Humber Arboretum – Nature in the Heart of Canada’s Largest Urban Centre

Snowshoeing is undoubtedly a great way to relax, connect with nature and find peace in a hectic world. It is a great way to stay active during the long winter months and a great way to make activity part of your family routine. Humber Arboretum provides access to all of this right in Toronto, Canada’s largest urban centre.

The Arboretum

The Arboretum is located behind Humber College’s north campus and includes more than six kilometers of walking trails, botanical gardens and natural areas along the Humber River. The area encompasses roughly 250 acres of the West Humber River Valley.


An initiative of Humber College’s horticulture students in 1977, this joint venture between the City of Toronto, Humber College, and the Toronto and Region Conservation Authority was formed to “facilitate research and education, establish and maintain living plant collections, promote conservation and restoration practices, and provide a quality visitor experience.”

A popular summer destination for hikers and school programs, the Arboretum also offers winter programming and easy access for those who enjoy year-round activity.

Located on the grounds is the Centre for Urban Ecology, a LEED Gold certified building that is the source of programming and information for the Arboretum.


Jimmy Vincent, coordinator of the Centre for Urban Ecology, says the Arboretum is always accessible for those who have their own snowshoes and wish to wander and explore on their own. New way-finding materials are being developed to make it easier for people to get around and to know where they are along the trails.


“The Arboretum was developed to act as a living class room for the horticulture students. From my understanding the amount of land designated to this outdoor classroom was huge and so the living classroom portion was scaled back and the remaining tract of land was left to its natural state. This then became natural park land with a variety of trails that pass through a diverse set of ecosystems located on site,” Vincent said.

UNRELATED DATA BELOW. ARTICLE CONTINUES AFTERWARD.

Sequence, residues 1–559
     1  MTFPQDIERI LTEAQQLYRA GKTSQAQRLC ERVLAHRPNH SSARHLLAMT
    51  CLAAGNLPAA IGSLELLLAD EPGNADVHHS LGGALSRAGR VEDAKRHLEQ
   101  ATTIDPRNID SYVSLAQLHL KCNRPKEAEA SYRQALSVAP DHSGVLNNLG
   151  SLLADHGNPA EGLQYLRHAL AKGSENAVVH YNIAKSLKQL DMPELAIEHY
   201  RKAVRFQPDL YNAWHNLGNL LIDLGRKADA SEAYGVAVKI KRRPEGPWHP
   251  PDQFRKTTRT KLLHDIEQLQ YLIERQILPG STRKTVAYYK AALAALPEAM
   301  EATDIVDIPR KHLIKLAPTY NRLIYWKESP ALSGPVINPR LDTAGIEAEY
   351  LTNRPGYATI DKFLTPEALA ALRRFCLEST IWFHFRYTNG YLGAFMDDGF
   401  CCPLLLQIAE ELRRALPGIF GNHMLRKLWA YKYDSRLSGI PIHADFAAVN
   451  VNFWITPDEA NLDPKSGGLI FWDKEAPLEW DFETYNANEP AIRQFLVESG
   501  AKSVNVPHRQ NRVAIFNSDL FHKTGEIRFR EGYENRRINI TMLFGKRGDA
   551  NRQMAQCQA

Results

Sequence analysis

The Arboretum also has a large selection of snowshoes available to rent and, especially important for families with new snowshoers, a large selection of children’s shoes. “For kids, especially as they get used to snowshoes, the right fit is important. A snowshoe should be lightweight and feel simply like an extension of the foot, rather than being heavy and bulky.”

He says a good binding is equally important. Some of the Arboretum’s shoes are a mere 12 inches in length and use a binding similar to that of the old Fisher Price roller skates to ensure they are comfortable and secure.

Both traditional and modern adult showshoes are also available to rent. Vincent recommends groups heading out together use the same style of shoe to ensure everyone is on an equal footing.

Guided Tours

The Arboretum hosts regular community activity days – some for adults only and some for families. These programs are ideal for new snowshoers because they come with an educational component focused on the history of snowshoeing, the advances in technology, and then a guided walk of the grounds which can include an ‘off-trail’ stroll into deeper snow for the experience.


The Arboretum is also open to group bookings which can be customized to suit the audience. Get a group of friends together for an afternoon outing or bring a few families together for a fun ‘amazing animals’ exploration that can include searching for owls or feeding chickadees. Birthday parties are another great way to get kids out and active while providing a fun adventure experience.


Whether you’re exploring on your own or part of a group the centre provides a place to warm up after with a hot chocolate.

Youth Oriented Programming

The Arboretum offers programming for schools for children in junior kindergarten and up, PD day camps, programs for Scout and Guide groups, and youth team building experiences.

For younger children, Vincent says part of the experience is having fun so kids’ shoes are colorful. Guides take time to explain to the kids how the shoes work, and use a Powerpoint presentation to illustrate the history and craftsmanship of snowshoes.

Half day and full day programs are available to suit the age and interest level of the participants and outdoor time can be variable depending on the temperature and weather conditions to ensure the participants have a positive experience.


The Arboretum is accessible by all major transportation methods in the Greater Toronto Area and sits between Highways 27 and 427. There is ample on-site parking.


About the author

Heather Seftel-Kirk

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